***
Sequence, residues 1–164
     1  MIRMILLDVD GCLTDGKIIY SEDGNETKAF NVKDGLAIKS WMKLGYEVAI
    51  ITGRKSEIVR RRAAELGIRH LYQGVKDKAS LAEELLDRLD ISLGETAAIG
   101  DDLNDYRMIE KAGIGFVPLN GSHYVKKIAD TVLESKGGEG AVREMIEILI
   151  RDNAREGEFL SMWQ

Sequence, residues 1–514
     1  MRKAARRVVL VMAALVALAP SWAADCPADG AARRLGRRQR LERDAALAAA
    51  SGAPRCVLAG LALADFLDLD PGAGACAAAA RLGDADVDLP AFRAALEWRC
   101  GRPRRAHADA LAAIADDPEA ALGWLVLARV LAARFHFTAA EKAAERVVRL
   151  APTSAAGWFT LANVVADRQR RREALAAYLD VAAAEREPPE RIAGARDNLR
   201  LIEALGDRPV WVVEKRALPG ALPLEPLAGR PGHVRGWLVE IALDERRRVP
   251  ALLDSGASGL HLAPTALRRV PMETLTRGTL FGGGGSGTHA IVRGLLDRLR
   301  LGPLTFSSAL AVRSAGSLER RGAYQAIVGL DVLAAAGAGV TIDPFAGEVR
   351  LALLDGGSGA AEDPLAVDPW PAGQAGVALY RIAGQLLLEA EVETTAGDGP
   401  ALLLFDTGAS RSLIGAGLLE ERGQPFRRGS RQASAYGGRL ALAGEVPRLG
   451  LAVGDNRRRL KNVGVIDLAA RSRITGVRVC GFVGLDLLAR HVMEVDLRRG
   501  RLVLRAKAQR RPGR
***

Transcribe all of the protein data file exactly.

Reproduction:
Sequence, residues 1–164
     1  MIRMILLDVD GCLTDGKIIY SEDGNETKAF NVKDGLAIKS WMKLGYEVAI
    51  ITGRKSEIVR RRAAELGIRH LYQGVKDKAS LAEELLDRLD ISLGETAAIG
   101  DDLNDYRMIE KAGIGFVPLN GSHYVKKIAD TVLESKGGEG AVREMIEILI
   151  RDNAREGEFL SMWQ

Sequence, residues 1–514
     1  MRKAARRVVL VMAALVALAP SWAADCPADG AARRLGRRQR LERDAALAAA
    51  SGAPRCVLAG LALADFLDLD PGAGACAAAA RLGDADVDLP AFRAALEWRC
   101  GRPRRAHADA LAAIADDPEA ALGWLVLARV LAARFHFTAA EKAAERVVRL
   151  APTSAAGWFT LANVVADRQR RREALAAYLD VAAAEREPPE RIAGARDNLR
   201  LIEALGDRPV WVVEKRALPG ALPLEPLAGR PGHVRGWLVE IALDERRRVP
   251  ALLDSGASGL HLAPTALRRV PMETLTRGTL FGGGGSGTHA IVRGLLDRLR
   301  LGPLTFSSAL AVRSAGSLER RGAYQAIVGL DVLAAAGAGV TIDPFAGEVR
   351  LALLDGGSGA AEDPLAVDPW PAGQAGVALY RIAGQLLLEA EVETTAGDGP
   401  ALLLFDTGAS RSLIGAGLLE ERGQPFRRGS RQASAYGGRL ALAGEVPRLG
   451  LAVGDNRRRL KNVGVIDLAA RSRITGVRVC GFVGLDLLAR HVMEVDLRRG
   501  RLVLRAKAQR RPGR